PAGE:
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Mr. Wordish

Shmitchik, semitic noun: Most people who know me--scrawny, overthinky, poorly coordinated, beer-bellied me--are surprised to find out that my father was a phys. ed. teacher. In fact, my parents met in the phys. ed. program of Long Island University. My mother was a swimming teacher before she became a stay-at-home mom (and, later, a real estate broker, as was the woman's way of the time); my dad played minor league baseball, pitching one major-league exhibition game for the Washington Senators against the Detroit Tigers before being sent back down to the minors. He started teaching elementary school gym shortly thereafter, and continued to do so for thirty years or so. He taught one school district over from mine; the town had its own suburban version of the large San Gennaro Feast in neighboring NYC, and, once he and my mom split up, the annual festival was consistently one of my favorite daddy-daughter dates, except for one thing: Invariably, multiple generations of students (fathers, children of varying ages and genders) would enthusiastically flag him down between the cannoli-eating contest stage and the port-o-lets, shouting "Mr. Wordish! Mr. Wordish!" and pulling at his sleeve. I resented the town's possessiveness of my father when I only got to see him every other weekend, but I had to admire his popularity, especially since, from a very young age, I was awkward and bookish and, to the outside eye, even a little bit retarded.

But he was popular, and I got to see first-hand why on the odd occasions that I would go to school with him. I went to private school for 3rd-5th grade and, even when I started public, our holidays off were sometimes different from my dad's. More often than not, my mother would send me to school with my dad on these days. Just before each class came in, my father would sit me down on one of the spots the students used to line up, alphabetically, at the front of the gym; as they filled in around me, they would eye me with curiosity. My father would take attendance, but stop when he got to me.

"And you are?" he would growl, pen tapping his clipboard.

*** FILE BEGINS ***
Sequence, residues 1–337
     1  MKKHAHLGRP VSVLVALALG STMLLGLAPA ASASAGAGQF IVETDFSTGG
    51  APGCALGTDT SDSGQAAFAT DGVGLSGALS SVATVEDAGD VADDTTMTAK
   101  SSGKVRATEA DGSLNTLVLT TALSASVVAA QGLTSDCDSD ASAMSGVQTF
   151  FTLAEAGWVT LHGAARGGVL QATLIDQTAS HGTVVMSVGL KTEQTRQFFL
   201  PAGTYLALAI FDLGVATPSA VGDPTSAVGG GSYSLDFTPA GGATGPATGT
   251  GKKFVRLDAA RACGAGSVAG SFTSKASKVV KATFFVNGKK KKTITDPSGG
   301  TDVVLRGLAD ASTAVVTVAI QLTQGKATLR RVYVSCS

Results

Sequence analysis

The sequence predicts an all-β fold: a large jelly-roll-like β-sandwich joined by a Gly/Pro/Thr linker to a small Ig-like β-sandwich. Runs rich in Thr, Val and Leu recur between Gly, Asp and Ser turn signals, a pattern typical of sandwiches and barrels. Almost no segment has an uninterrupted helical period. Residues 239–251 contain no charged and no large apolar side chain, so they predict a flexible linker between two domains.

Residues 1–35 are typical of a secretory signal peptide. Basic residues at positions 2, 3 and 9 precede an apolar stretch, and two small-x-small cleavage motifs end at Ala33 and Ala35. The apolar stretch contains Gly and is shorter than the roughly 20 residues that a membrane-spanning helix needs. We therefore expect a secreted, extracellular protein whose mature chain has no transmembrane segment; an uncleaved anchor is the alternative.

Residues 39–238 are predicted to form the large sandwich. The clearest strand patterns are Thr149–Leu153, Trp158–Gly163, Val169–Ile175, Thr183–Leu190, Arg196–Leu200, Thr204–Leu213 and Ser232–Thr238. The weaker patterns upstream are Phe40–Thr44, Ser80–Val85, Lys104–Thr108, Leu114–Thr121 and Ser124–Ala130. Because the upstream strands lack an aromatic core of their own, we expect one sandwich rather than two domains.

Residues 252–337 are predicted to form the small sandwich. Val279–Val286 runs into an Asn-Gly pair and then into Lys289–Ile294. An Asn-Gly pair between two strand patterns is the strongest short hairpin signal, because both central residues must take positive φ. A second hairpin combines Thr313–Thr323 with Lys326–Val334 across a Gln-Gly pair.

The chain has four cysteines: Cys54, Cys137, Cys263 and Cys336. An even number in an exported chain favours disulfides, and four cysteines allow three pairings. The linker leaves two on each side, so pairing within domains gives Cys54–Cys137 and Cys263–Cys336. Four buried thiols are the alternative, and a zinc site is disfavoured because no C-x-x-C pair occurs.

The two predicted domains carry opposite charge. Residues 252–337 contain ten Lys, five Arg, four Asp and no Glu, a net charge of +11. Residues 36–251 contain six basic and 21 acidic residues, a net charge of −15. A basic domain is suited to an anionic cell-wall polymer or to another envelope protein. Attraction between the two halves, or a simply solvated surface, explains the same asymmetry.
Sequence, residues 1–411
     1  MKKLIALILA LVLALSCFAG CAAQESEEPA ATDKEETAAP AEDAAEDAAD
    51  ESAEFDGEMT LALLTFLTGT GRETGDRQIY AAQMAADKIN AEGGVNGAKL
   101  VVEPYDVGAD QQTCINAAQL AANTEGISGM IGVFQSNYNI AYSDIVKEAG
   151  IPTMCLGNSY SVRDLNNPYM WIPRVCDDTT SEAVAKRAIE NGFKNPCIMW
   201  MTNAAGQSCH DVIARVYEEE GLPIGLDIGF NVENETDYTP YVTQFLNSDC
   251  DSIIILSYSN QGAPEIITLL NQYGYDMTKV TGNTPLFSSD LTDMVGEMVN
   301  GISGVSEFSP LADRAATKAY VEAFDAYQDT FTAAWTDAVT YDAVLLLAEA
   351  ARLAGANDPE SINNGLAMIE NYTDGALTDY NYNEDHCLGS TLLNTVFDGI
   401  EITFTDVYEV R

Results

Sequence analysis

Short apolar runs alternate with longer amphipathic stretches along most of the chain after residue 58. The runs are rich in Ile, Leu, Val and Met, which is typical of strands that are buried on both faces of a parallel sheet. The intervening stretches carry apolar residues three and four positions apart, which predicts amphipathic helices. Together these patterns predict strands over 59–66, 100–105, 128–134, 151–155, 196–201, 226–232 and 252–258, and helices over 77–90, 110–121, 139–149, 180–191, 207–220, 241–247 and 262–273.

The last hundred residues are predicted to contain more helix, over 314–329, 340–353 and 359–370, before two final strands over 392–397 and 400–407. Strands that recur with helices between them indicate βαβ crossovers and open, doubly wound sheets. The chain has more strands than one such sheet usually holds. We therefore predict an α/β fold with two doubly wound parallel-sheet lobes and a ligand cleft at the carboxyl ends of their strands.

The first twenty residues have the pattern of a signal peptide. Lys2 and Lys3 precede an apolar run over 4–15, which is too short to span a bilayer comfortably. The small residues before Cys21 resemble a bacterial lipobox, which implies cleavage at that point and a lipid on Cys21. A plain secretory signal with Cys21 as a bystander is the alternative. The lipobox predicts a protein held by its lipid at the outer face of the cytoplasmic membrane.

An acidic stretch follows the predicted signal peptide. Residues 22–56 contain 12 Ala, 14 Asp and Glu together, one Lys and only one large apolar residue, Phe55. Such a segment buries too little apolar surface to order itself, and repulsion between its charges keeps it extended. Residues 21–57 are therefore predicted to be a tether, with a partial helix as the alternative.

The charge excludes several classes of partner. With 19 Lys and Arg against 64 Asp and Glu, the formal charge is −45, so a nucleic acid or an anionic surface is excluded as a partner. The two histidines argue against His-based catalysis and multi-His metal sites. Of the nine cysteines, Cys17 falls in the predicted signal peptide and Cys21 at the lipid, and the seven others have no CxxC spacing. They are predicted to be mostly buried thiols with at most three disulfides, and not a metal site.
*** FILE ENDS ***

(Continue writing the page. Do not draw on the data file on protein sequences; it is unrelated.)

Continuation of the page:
I would shrug and smile.

"Who is this?" he would ask the kids around me. "What do you mean you don't know? She's in your class, isn't she? What's wrong with you kids today? Do you even pay attention at all?!"

After five or so minutes of this, my father would introduce me as his daughter, and business would proceed as usual: The kids would grab their basketballs and jumpropes and whatnot, and I would retire to the gym office to read a Choose-Your-Own-Adventure book. This was actually not that much different from my usual gym class. Perhaps as a kind of weak-ass rebellion, I habitually lied and scammed my way out of 12 years' worth of gym class, plus the bulk of sports activities during my six years of sleepaway camp. in school it was easy, since other teachers knew and respected my father and therefore turned a blind eye. In camp it required a bit more creativity, although not that much; teenage counselors are ultimately more interested in each other than in whether or not you're writing poetry in the outfield.*

But during those early bait-and-switch sessions, I got to see my father's work persona: mean as a snake and funny as hell. One of the things that would always break the kids up was his elastic sense of the language. My father was indeed Mr. Wordish; he was American-born, but his vocabulary was somewhat limited by his rough-and-tumble upbringing. So if he didn't know the word he needed, he would gladly make it up. There were many, many of these over the years, occasionally heard at home but most often heard in the gymnasium. Sadly, I can't remember any except for one: Shmitchik. He uses it to this day, much in the same way anyone else would use "thingamabob" or "whatchamacallit," except with a special emphasis on technology. A shmitchik can be a button or a device; it is often a remote control. I, personally, use it as a name for the tablespoons from my paternal grandmother's silverware that my dad has flattened with hammers and distributed to his three children as spreaders.** Sadly, my Korean-American fiance cannot pronounce "shmitchik," although he uses the spreaders often. He also pronounces "agita" as "ah-gee-TA," somewhat ironically giving me more agita.



* I even kept myself out of learning to swim, despite the hours spent at the lake at camp and my mother's aforementioned aquatics career. Petty rebellion successful! Could you hand me that life jacket, please?
** My grandmother spent her last 10 or 12 years living with my father, proving that she actually was mean as a snake, no "funny as hell" about it. As he was too good a son to call her out on it, he took out his frustration on her fine cutlery.


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